Harrill & Sutter, PLLC v. Farrar

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Justia Opinion Summary

Appellant Harrill & Sutter filed a complaint in the circuit court alleging a violation of Arkansas's Freedom of Information Act (FOIA). Appellant had previously filed a medical-malpractice action against three physicians, who were employed by the University of Arkansas for Medical Sciences (UAMS). Mariam Hopkins was hired to represent the physicians. Appellant subsequently filed a FOIA request asserting that because Hopkins represented public employees, Hopkins's file was a public record. Hopkins refused to allow Appellant to inspect the file, and Appellant filed the present case. The circuit court found (1) Hopkins, her firm, and the physicians were not the custodians for the FOIA request to UAMS or to the University of Arkansas Board of Trustees; (2) Appellees did not have administrative control of the public records of those entities; (3) the records sought by Appellant were not public records under FOIA and, therefore, were not subject to a FOIA request; and (4) the litigation files and documents sought by the FOIA request were subject to attorney-client privilege and were work-product. The Supreme Court affirmed, holding that the circuit court did not err in finding that FOIA did not apply.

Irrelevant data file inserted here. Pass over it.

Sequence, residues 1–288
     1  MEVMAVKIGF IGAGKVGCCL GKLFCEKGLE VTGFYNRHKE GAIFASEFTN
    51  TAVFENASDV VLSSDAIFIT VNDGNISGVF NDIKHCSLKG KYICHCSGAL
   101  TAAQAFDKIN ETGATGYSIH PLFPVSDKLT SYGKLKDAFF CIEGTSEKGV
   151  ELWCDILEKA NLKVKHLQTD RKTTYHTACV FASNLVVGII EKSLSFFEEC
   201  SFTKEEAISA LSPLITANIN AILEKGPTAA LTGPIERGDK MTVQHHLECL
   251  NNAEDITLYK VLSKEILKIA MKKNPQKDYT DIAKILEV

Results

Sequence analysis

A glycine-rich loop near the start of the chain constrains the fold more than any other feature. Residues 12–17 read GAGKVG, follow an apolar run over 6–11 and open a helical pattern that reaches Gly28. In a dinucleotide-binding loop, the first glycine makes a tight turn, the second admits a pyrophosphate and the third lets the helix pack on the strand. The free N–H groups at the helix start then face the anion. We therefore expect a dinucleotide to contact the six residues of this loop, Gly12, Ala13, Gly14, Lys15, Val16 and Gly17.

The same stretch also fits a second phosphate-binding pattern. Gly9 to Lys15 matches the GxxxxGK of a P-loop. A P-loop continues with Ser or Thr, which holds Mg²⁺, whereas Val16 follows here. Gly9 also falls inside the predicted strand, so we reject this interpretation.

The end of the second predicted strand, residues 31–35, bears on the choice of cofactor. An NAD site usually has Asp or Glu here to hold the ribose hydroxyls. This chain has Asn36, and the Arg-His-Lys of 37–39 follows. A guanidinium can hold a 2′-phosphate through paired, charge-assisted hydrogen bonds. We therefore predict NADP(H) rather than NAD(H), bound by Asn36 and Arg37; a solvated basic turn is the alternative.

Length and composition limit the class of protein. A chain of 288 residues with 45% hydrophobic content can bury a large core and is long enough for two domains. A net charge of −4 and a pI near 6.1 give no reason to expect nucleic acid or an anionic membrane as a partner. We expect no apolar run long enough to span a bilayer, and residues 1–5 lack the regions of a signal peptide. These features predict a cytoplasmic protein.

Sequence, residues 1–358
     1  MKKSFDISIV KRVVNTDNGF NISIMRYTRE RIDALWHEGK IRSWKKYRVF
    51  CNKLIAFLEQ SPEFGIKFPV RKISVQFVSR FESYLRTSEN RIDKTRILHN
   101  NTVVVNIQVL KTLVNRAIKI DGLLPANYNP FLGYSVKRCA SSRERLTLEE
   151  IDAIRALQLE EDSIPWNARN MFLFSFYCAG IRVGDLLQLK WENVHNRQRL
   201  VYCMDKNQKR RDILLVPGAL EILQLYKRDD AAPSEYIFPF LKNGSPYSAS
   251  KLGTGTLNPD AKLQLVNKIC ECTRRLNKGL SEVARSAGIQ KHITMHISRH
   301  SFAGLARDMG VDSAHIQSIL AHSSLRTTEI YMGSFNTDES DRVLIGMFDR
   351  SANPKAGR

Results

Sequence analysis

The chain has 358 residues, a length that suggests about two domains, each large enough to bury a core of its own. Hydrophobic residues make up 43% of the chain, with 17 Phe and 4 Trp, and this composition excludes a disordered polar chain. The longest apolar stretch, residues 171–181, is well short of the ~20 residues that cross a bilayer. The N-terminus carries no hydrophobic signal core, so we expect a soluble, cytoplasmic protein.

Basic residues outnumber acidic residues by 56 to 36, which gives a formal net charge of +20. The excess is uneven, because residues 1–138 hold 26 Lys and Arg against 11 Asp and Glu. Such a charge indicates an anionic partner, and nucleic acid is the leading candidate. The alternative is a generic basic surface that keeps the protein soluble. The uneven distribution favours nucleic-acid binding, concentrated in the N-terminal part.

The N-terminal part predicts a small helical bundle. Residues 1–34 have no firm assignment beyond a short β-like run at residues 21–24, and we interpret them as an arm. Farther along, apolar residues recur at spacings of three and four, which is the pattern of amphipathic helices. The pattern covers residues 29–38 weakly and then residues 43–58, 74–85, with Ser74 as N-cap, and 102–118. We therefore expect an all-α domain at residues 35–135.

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Cite as 2012 Ark. 180 SUPREME COURT OF ARKANSAS No. 11-894 HARRILL & SUTTER, PLLC APPELLANT V. HANK FARRAR; LANESSA BASS; TONYA THOMPSON; ALLAN SUGG; THE UNIVERSITY OF ARKANSAS BOARD OF TRUSTEES; MARIAM T. HOPKINS; ANDERSON, MURPHY & HOPKINS, LLP; AND ARKANSAS CHILDREN S HOSPITAL APPELLEES Opinion Delivered April 26, 2012 APPEAL FROM THE SALINE COUNTY CIRCUIT COURT, NO. CV-09-364-3, [HON. TED C. CAPEHEART, JUDGE] AFFIRMED. PAUL E. DANIELSON, Associate Justice Appellant Harrill & Sutter, PLLC, appeals an order of the Saline County Circuit Court finding that appellees Dr. Hank Farrar, Dr. Lanessa Bass, Dr. Tonya Thompson, Mariam T. Hopkins, and Anderson, Murphy & Hopkins, LLP, were not the custodians for the Freedom of Information Act (FOIA) request to appellee Allan Sugg, in his official capacity, or to appellee University of Arkansas Board of Trustees, or to University of Arkansas for Medical Sciences (UAMS); that they did not have administrative control of the public records of those entities; that the records sought by Harrill & Sutter were not public records under FOIA and, therefore, were not subject to a FOIA request; and, that the litigation files and documents sought by the FOIA request at issue were subject to attorney-client privilege and Cite as 2012 Ark. 180 were work-product. Because we cannot say that the circuit court erred in finding that the FOIA did not apply, we affirm the order of the circuit court. Many of the following facts were previously set forth by this court in a prior appeal, Harrill & Sutter v. Farrar, 2011 Ark. 181; however, we will state them again as they are necessary for a full understanding of the instant appeal. Harrill & Sutter filed a complaint in the Saline County Circuit Court alleging a violation of Arkansas s Freedom of Information Act (FOIA), codified at Ark. Code Ann. §§ 25-19-101 to -110 (Repl. 2002 & Supp. 2011). Harrill & Sutter had previously filed a medical-malpractice action against three physicians Dr. Farrar, Dr. Bass, and Dr. Thompson who were employed by UAMS. Mariam Hopkins, a partner at the law firm of Anderson, Murphy & Hopkins, LLP, was hired to represent the physicians. Harrill & Sutter subsequently filed a FOIA request asserting that because she represented public employees, Ms. Hopkins s file was a public record. Ms. Hopkins disputed that her file was a public record subject to FOIA and refused to allow Harrill & Sutter to inspect it. Harrill & Sutter then filed the present case, alleged a violation of the FOIA, specifically section 25-19-105, and named as defendants Dr. Farrar, Dr. Bass, and Dr. Thompson, all in their official capacities, along with Ms. Hopkins and Anderson, Murphy & Hopkins, LLP. An amended complaint named Alan Sugg, president of the University of Arkansas, in his official capacity, and the University of Arkansas Board of Trustees, as additional defendants. The circuit court granted a motion to intervene filed by appellee Arkansas Children s 2 Cite as 2012 Ark. 180 Hospital, Medical Assurance Company, and Alison Baldridge.1 Dr. Farrar; Dr. Bass; Dr. Thompson; Mariam Hopkins; Anderson, Murphy & Hopkins; and Arkansas Children s Hospital all filed a counterclaim seeking a declaration that the FOIA did not apply and, in the event it was found to apply, its application in these circumstances was an unconstitutional violation of the attorney-client privilege.2 In the event that the court determined that the FOIA was not unconstitutional as applied to these circumstances, the counterclaimant requested a protective order staying production of the information pending the final adjudication of the underlying medical-malpractice case. The circuit court ultimately concluded that the FOIA did not apply to the relevant records, the doctors, or the attorneys in the instant case and entered an order to that effect on May 18, 2010. However, during the FOIA trial, Harrill & Sutter moved to nonsuit all of its claims. Although the circuit court granted the motion orally, this court dismissed the first appeal in this case because there had been no written order to that effect ever entered and, therefore, there was not a final judgment as required by Arkansas Rule of Civil Procedure 1 Arkansas Children s Hospital was named as a defendant in the underlying medicalmalpractice action. In their brief supporting their complaint in intervention, the intervenors asserted that they had a shared defense with the defendants and that some of the information requested by Harrill & Sutter potentially related to their defensive strategies in pending cases. 2 The counterclaimants provided proof of notice to the Attorney General as required by Arkansas Code Annotated section 16-111-106. The Attorney General s office, by letter dated March 20, 2009, acknowledged receiving notice that the counterclaimants challenged the constitutionality of Arkansas s FOIA but declined to intervene, noting that because of the parties adverse interests there was no reason to doubt that the constitutionality of the challenged statute would be fully and competently defended. 3 Cite as 2012 Ark. 180 54(b). See Harrill & Sutter, PLLC, supra. Additionally, this court noted that the circuit court s order recognized that Arkansas Children s Hospital intervened in the action, but did not mention the counterclaims of the other two intervenors, Medical Assurance Company and Alison Baldridge, making it appear that those two counterclaims remained outstanding. See id. After the appeal was dismissed, the circuit court entered an amended order on May 23, 2011. That order clarified that while Arkansas Children s Hospital was a counterclaimant, Medical Assurance Company and Alison Baldridge were not. Additionally, the order contained the following specific findings of fact: Dr. Farrar, Dr. Bass, and Dr. Thompson were medical doctors employed by UAMS but practiced medicine at Arkansas Children s Hospital; Mariam Hopkins and Anderson, Murphy & Hopkins were the private practice lawyers who were retained by the doctors and First Professional Insurance Company (FPIC) to represent the doctors in an underlying medical-malpractice case (Chavez); while UAMS paid the premium for the policy, the insurance policy issued by FPIC individually named the physicians as individual insureds and insured them personally in the Chavez litigation; UAMS was a public entity subject to the FOIA and its custodian of records, Mark Hagemeier, did not have administrative control over the private litigation files of the doctors or their attorneys; the doctors nor the attorneys were public individuals or entities subject to the FOIA; the doctors nor the attorneys were the custodian for the FOIA request to Allan Sugg or to the University of Arkansas Board of Trustees or to UAMS; the records sought by the FOIA request were not public records under the FOIA; the litigation file requested contained 4 Cite as 2012 Ark. 180 medical records and medical information exempt from the FOIA; the release of the records requested would violate the attorney-client privilege and work-product doctrine, as well as give an advantage to a competitor. Furthermore, on June 2, 2011, the circuit court entered a written order granting Harrill & Sutter s motion to dismiss its FOIA complaint, but denying its request for a hearing. Harrill & Sutter then filed a second notice of appeal from the circuit court s order. We now turn to the merits of Harrill & Sutter s appeal. Harrill & Sutter begins by arguing that the FOIA is constitutional and that Appellees challenge was moot. However, we note that the constitutionality of the FOIA is not at issue in the instant case. In its order, the circuit court specifically found that it was not necessary to decide the constitutional issue in this case because it alternatively found that the FOIA had no application to the records requested or to the doctors and their attorneys. Therefore, there is not a constitutional issue ripe for appeal. Next, Harrill & Sutter asserts that the circuit court erred in allowing the counterclaim to go forward because Appellees lacked standing and, regardless, it became moot when Harrill & Sutter withdrew its FOIA request and took a voluntary nonsuit of its complaint. Appellees respond that Harrill & Sutter did not timely raise its standing challenge and that they had proper personal stake in the outcome of the instant case and, thereby, had proper standing to file the counterclaim. They further contend that the circuit court properly allowed them to pursue that counterclaim regardless of Harrill & Sutter s decision to nonsuit its claim. The question of standing is a matter of law for this court to decide, and this court 5 Cite as 2012 Ark. 180 reviews questions of law de novo. See Walker v. Arkansas State Bd. of Educ., 2010 Ark. 277, ___ S.W.3d ___. While in its motion to dismiss or motion for judgment as a matter of law, Harrill & Sutter argued that private entities did not have standing to challenge the constitutionality of the FOIA, that was not the only relief requested by Appellees in the counterclaim and was not ruled on by the circuit court. Harrill & Sutter failed to challenge standing in its answer to the counterclaim. Arkansas Rule of Civil Procedure 8(c) (2011) requires that an answer to a counterclaim include any affirmative defense. While standing is not specifically listed as an affirmative defense, the rule does specify that it includes any other matter constituting an avoidance or affirmative defense. Furthermore, it is hard to ignore that it was Harrill & Sutter that first assumed Appellees were proper parties in a FOIA action as evidenced by its original complaint against them. Surely, if Harrill & Sutter first sued Appellees pursuant to the FOIA, it could not then have believed Appellees were not permitted to file a counterclaim seeking a declaration regarding the FOIA s applicability. When the issue of standing is not properly developed below, we do not address it on appeal. See, e.g., Arkansas Game & Fish Comm n v. Murders, 327 Ark. 426, 938 S.W.2d 854 (1997). Additionally, this court has held that a lack of standing does not deprive a court of jurisdiction. See id. See also Pulaski County v. Carriage Creek Improvement Dist. No. 639, 319 Ark. 12, 888 S.W.2d 652 (1994); State v. Houpt, 302 Ark. 188, 788 S.W.2d 239 (1990). As noted, Appellees, in response to Harrill & Sutter s FOIA request and subsequent 6 Cite as 2012 Ark. 180 complaint for failure to comply, filed a counterclaim seeking declaration from the circuit court that the FOIA did not apply to them or to the documents sought by Harrill & Sutter in its request. The Declaratory Judgment Act states, in pertinent part: Any person interested under a deed, will, written contract, or other writings constituting a contract or whose rights, status, or other legal relations are affected by a statute, municipal ordinance, contract, or franchise may have determined any question of construction or validity arising under the instrument, statute, ordinance, contract, or franchise and obtain a declaration of rights, status, or other legal relations thereunder. Ark. Code Ann. § 16-111-106 (Repl. 2006). Although Harrill & Sutter orally stated during trial that it would withdraw the FOIA request and nonsuit the complaint, Appellees opted to proceed with their counterclaim. This court has held that a defendant has the right to pursue the counterclaim even though the plaintiff has dismissed his original claim. See Lemon v. Laws, 305 Ark. 143, 806 S.W.2d 1 (1991). Rule 41(a) of the Arkansas Rules of Civil Procedure provides that, [i]n any case where a set-off or counterclaim has been previously presented, the defendant shall have the right of proceeding on his claim although the plaintiff may have dismissed his action. Ark. R. Civ. P. 41(a)(3) (2011). Thus, a voluntary dismissal of the plaintiff s original claim does not affect, but leaves for adjudication, the defendant s counterclaim. See Lemon, supra (citing Dorsey v. Dorsey, 226 Ark. 192, 289 S.W.2d 190 (1956)). We additionally note that Harrill & Sutter s nonsuit was not filed until after the completion of the trial, after the circuit court had issued its opinion and judgment, and after 7 Cite as 2012 Ark. 180 the circuit court entered its amended opinion and judgment. As this court noted in the first appeal presented in this case, under Arkansas Rule of Civil Procedure 41(a)(1), a voluntary nonsuit is effective only upon entry of a court order dismissing the action. For all these reasons, we find no merit in Harrill & Sutter s argument that the circuit court erred in permitting Appellees to move forward on their counterclaim. Harrill & Sutter next argues that the circuit court erred in holding that the FOIA was not applicable in the instant case. Appellees aver that the circuit court was correct in finding that they were not public individuals or entities subject to the FOIA; that the documents requested were not public records subject to the FOIA; and that the documents requested were also exempt from the FOIA under statutory exemptions. The issue of the applicability of the FOIA is a question of statutory interpretation. We review issues of statutory interpretation de novo, because it is for this court to determine the meaning of a statute. See Bedell v. Williams, 2012 Ark. 75, ___ S.W.3d ___. This court liberally interprets the FOIA to accomplish its broad and laudable purpose that public business be performed in an open and public manner. See Fox v. Perroni, 358 Ark. 251, 188 S.W.3d 881 (2004). Furthermore, we broadly construe the FOIA in favor of disclosure. See id. Arkansas Code Annotated § 25-19-105(a)(1)(A) provides that [e]xcept as otherwise specifically provided by this section or by laws specifically enacted to provide otherwise, all public records shall be open to inspection and copying by any citizen of the State of Arkansas during the regular business hours of the custodian of the records. Subsection (a)(2)(A) provides that [a] citizen may make a request to the custodian to inspect, copy, or receive 8 Cite as 2012 Ark. 180 copies of public records. Ark. Code Ann. § 25-19-105(a)(2)(A). This court has held that for a record to be subject to the FOIA and available to the public, it must be (1) possessed by an entity covered by the Act, (2) fall within the Act s definition of a public record, and (3) not be exempted by the Act or other statutes. See Nabholz Constr. Corp. v. Contractors for Pub. Prot. Ass n, 371 Ark. 411, 266 S.W.3d 689 (2007) (citing Legislative Joint Auditing Comm. v. Woosley, 291 Ark. 89, 722 S.W.2d 581 (1987)). Harrill & Sutter contend that the FOIA request in the instant case is similar to the FOIA request upheld in City of Fayetteville v. Edmark, 304 Ark. 179, 801 S.W.2d 275 (1990). However, as the circuit court found, this case differs significantly from the facts presented in Edmark. In Edmark, we held that memoranda prepared in anticipation of litigation by a city s outside counsel were public records under the FOIA. See id. In so holding, we pointed out that the attorneys who wrote the memoranda were acting as the functional equivalent of a city attorney and were paid by public funds. See id. Therefore, the city could not avoid FOIA requirements by substituting a private attorney for the city attorney. See id. Likewise, in Swaney v. Tilford, 320 Ark. 652, 898 S.W.2d 462 (1995), we considered the working papers of third-party auditors public records under the FOIA where a state agency hired an outside auditing company to perform its required audits. In both Edmark and Swaney, private entities were hired by public entities subject to the FOIA and the records sought were public records under the FOIA. In the instant case, Mariam Hopkins and Anderson, Murphy & Hopkins were private attorneys who were hired by, were paid by, and reported to the private medical-malpractice 9 Cite as 2012 Ark. 180 liability insurance carrier of the doctors, FPIC. The doctors sued in the underlying medicalmalpractice claim were sued in their personal capacity. While Harrill & Sutter made an attempt to make its suit against Dr. Farrar, Dr. Bass, and Dr. Thompson appear as if it was against public individuals by naming them supposedly in their official capacities, to do so was meaningless. The lawsuit filed against Dr. Farrar, Dr. Bass, and Dr. Thompson involved their medical care and treatment of a patient and was indeed, as admitted by Harrill & Sutter in oral argument, a lawsuit initiated to recover from their private liability carrier. Simply changing the request to name the doctors in their official capacity did not change the nature of the documents requested, converting them from private to public. The individual doctors were the named policyholders with FPIC. When the doctors were sued for medical malpractice, FPIC retained the attorneys. The litigation file requested was created in the course of this representation, not in the course of public business. This is clearly not a case in which the private attorneys represented a public entity subject to the FOIA, preparing records that would be subject to the FOIA and serving as the custodian of those records. The records requested here are simply not public records subject to disclosure under the FOIA. For these reasons, we cannot say the circuit court erred in finding that the FOIA did not apply, and we affirm. Because we find that the FOIA did not apply in the instant case, we will not discuss the remaining points on appeal regarding exemptions. Affirmed. GOODSON, J., not participating. 10